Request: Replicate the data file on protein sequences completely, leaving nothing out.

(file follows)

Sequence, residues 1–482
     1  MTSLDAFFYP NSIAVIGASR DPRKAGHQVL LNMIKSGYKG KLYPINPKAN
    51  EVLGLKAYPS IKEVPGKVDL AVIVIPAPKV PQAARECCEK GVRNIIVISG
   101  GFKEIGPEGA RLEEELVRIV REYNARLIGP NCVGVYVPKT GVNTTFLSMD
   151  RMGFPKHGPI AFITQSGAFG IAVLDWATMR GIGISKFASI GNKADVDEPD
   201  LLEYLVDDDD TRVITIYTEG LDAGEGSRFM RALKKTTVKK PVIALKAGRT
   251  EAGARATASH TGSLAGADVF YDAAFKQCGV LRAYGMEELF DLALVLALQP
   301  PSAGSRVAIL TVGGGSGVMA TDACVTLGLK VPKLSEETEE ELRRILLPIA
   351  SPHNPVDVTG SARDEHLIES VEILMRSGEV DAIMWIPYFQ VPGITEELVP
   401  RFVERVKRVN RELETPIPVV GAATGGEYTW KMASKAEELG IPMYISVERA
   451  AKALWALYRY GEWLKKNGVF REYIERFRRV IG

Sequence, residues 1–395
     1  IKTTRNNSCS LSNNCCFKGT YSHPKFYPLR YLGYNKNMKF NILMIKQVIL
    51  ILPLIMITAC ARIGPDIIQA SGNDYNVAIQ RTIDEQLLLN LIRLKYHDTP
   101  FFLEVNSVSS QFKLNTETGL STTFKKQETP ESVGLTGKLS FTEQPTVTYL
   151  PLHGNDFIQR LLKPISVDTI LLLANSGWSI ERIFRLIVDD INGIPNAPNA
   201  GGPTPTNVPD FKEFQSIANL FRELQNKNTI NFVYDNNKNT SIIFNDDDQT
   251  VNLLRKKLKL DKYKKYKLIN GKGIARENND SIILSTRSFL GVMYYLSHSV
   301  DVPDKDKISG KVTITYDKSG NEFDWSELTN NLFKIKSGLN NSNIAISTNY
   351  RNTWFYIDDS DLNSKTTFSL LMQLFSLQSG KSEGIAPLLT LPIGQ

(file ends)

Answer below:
Sequence, residues 1–482
     1  MTSLDAFFYP NSIAVIGASR DPRKAGHQVL LNMIKSGYKG KLYPINPKAN
    51  EVLGLKAYPS IKEVPGKVDL AVIVIPAPKV PQAARECCEK GVRNIIVISG
   101  GFKEIGPEGA RLEEELVRIV REYNARLIGP NCVGVYVPKT GVNTTFLSMD
   151  RMGFPKHGPI AFITQSGAFG IAVLDWATMR GIGISKFASI GNKADVDEPD
   201  LLEYLVDDDD TRVITIYTEG LDAGEGSRFM RALKKTTVKK PVIALKAGRT
   251  EAGARATASH TGSLAGADVF YDAAFKQCGV LRAYGMEELF DLALVLALQP
   301  PSAGSRVAIL TVGGGSGVMA TDACVTLGLK VPKLSEETEE ELRRILLPIA
   351  SPHNPVDVTG SARDEHLIES VEILMRSGEV DAIMWIPYFQ VPGITEELVP
   401  RFVERVKRVN RELETPIPVV GAATGGEYTW KMASKAEELG IPMYISVERA
   451  AKALWALYRY GEWLKKNGVF REYIERFRRV IG

Sequence, residues 1–395
     1  IKTTRNNSCS LSNNCCFKGT YSHPKFYPLR YLGYNKNMKF NILMIKQVIL
    51  ILPLIMITAC ARIGPDIIQA SGNDYNVAIQ RTIDEQLLLN LIRLKYHDTP
   101  FFLEVNSVSS QFKLNTETGL STTFKKQETP ESVGLTGKLS FTEQPTVTYL
   151  PLHGNDFIQR LLKPISVDTI LLLANSGWSI ERIFRLIVDD INGIPNAPNA
   201  GGPTPTNVPD FKEFQSIANL FRELQNKNTI NFVYDNNKNT SIIFNDDDQT
   251  VNLLRKKLKL DKYKKYKLIN GKGIARENND SIILSTRSFL GVMYYLSHSV
   301  DVPDKDKISG KVTITYDKSG NEFDWSELTN NLFKIKSGLN NSNIAISTNY
   351  RNTWFYIDDS DLNSKTTFSL LMQLFSLQSG KSEGIAPLLT LPIGQ